Honors History goes to Printing Museum

By: Sawyer Hamilton

The morning of Wednesday, November, 16th, Mrs. Peterson’s Honors US History students were privileged to go on a field trip to the Crandall Printing Museum in Provo. Getting on a bus during 1st period they drove the 15 to 20 minute drive to the old museum just off of Provo's State Street.            

On arriving they met some employees who took them into a medium sized room where they would learn about the first printing press in the world, the Gutenberg Press. But before that lesson, they gave the students the history of the museum; the history class was told how it was the only museum in the world with the actual type and machines from printing past. Also, they were told that the History Channel will be doing a special on it in December, so if you want to, go check it out!      

After finishing that lecture, they were told of ancient times of when people had to use clay and rocks to write on. Imagine having to write on those!  During the 1400's, a man by the name of Gutenberg came along and invented the first printing press in the world, and it soon became one of the most important inventions of all time. In fact, during the 1400's, more than 5 million books were printed in Europe and  by then more people were learning how to read. Then, the workers showed the students how the old press worked. The students even got a glimpse of a page of the bible worth $100,000! The workers then led the students into another room where they learned about the printing presses of the 1700's that the American colonists used to make almanacs, newspapers, and copies of our country’s most important document, the Declaration of Independence. They liked the lesson, but the room they were in was really hot and stuffy, so when they were taken down to the basement they were relieved!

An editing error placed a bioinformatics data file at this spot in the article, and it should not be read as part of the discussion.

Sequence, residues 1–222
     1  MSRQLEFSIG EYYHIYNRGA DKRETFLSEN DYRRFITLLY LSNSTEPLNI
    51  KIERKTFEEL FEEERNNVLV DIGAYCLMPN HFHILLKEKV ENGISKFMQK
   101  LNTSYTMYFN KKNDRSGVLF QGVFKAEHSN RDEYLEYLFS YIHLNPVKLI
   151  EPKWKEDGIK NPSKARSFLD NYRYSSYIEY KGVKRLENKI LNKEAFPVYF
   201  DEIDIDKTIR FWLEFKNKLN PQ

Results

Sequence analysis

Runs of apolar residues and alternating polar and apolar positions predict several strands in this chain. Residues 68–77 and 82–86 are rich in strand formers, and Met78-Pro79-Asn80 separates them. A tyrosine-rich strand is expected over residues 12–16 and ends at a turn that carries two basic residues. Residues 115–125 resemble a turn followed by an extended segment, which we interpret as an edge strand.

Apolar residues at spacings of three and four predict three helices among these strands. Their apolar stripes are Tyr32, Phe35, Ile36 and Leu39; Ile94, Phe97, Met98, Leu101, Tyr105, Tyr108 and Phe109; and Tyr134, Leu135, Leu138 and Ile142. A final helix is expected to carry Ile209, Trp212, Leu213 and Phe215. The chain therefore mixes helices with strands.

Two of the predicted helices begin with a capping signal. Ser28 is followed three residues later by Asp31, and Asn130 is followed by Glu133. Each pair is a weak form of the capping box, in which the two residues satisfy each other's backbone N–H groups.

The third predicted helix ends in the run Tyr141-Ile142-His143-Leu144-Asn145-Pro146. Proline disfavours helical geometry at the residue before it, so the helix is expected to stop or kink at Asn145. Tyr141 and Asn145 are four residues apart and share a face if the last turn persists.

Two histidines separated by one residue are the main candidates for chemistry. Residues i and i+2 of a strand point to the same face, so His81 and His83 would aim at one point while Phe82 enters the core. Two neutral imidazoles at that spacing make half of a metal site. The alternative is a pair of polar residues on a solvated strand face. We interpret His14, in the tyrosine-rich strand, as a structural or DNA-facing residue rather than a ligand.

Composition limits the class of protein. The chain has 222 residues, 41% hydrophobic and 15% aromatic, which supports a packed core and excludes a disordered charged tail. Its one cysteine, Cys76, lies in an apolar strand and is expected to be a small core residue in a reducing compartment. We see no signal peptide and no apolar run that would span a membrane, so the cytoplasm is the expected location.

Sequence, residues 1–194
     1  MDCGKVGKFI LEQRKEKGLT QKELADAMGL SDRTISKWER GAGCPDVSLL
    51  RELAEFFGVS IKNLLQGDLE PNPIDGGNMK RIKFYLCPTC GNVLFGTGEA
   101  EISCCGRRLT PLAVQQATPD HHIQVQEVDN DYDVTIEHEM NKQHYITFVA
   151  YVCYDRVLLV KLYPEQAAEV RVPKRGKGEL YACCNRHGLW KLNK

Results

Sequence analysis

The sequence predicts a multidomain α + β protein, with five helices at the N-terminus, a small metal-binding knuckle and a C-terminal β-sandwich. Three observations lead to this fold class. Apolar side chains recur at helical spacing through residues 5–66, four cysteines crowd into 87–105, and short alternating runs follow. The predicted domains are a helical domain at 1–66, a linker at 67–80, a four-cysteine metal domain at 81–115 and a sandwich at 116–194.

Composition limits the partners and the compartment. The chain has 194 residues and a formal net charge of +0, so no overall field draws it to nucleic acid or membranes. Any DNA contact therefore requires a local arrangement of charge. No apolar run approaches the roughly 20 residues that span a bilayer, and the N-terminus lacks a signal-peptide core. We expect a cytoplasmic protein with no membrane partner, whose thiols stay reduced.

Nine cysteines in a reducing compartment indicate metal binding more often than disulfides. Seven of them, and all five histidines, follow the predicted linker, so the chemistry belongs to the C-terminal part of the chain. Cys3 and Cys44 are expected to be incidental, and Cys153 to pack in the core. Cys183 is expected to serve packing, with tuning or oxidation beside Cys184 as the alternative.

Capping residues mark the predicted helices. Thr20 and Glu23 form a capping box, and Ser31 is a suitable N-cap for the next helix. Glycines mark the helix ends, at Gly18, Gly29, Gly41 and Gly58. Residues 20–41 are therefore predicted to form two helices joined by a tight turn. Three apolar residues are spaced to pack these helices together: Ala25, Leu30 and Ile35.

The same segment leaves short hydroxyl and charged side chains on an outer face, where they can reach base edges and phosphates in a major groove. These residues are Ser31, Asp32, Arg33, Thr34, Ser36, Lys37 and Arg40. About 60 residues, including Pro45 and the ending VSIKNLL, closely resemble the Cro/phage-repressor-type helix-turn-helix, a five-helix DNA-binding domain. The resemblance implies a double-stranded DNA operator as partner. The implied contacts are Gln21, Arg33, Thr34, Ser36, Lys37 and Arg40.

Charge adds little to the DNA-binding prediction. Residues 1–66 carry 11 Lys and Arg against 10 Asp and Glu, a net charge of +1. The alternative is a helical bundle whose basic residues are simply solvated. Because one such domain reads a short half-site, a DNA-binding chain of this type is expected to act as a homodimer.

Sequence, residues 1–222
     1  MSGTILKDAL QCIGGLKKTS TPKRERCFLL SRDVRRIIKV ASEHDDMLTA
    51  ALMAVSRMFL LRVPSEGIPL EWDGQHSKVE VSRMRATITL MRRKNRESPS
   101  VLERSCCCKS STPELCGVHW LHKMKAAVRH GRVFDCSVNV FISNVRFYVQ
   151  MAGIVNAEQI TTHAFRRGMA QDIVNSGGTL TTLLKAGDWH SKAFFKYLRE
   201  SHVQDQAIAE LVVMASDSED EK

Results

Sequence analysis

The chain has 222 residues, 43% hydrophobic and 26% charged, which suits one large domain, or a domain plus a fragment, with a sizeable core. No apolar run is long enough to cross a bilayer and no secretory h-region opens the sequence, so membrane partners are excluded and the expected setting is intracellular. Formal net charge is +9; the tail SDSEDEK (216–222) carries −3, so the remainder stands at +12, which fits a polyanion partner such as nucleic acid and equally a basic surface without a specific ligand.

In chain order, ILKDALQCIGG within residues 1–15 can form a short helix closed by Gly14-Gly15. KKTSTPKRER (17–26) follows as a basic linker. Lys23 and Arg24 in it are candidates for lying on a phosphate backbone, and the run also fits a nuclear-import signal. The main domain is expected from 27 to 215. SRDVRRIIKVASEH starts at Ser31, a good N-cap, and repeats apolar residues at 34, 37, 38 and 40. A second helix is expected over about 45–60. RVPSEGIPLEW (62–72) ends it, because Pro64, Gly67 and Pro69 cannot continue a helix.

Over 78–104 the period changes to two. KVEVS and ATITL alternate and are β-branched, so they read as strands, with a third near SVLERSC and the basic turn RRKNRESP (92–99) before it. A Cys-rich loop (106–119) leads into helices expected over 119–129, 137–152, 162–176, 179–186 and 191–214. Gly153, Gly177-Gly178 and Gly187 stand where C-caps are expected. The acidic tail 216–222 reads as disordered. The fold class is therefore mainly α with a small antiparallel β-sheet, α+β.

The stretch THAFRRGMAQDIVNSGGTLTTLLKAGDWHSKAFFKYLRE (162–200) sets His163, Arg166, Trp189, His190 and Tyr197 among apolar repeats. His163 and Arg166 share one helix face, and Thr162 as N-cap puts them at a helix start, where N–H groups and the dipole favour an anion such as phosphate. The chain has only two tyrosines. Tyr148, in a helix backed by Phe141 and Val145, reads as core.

Down in the cool room where replicas of the printing presses used in the 1830's to print the first 5,000 copies of the Book of Mormon, they listened to the story of Mr. Egbert who owned the printing shop that the project was operated in, and how he was given an entire farm to do it! They were also shown two other printing presses used during the early 1900's to the 1980's called the Lino and Minotype machines. Running out of time, the last thing they saw was the replica of where the first copies of the Deseret News were printed in 1850.   Then the students said goodbye to the nice workers and were placed on the bus going back to Spanish Fork. On the way back, Mrs. Peterson said, “I loved this field trip. It follows the curriculum and it follows the history of our great country!” and student, Camry Young stated, “I liked this trip a lot! My favorite part was the Linotype machine!” The rest of the students said they had fun on the trip.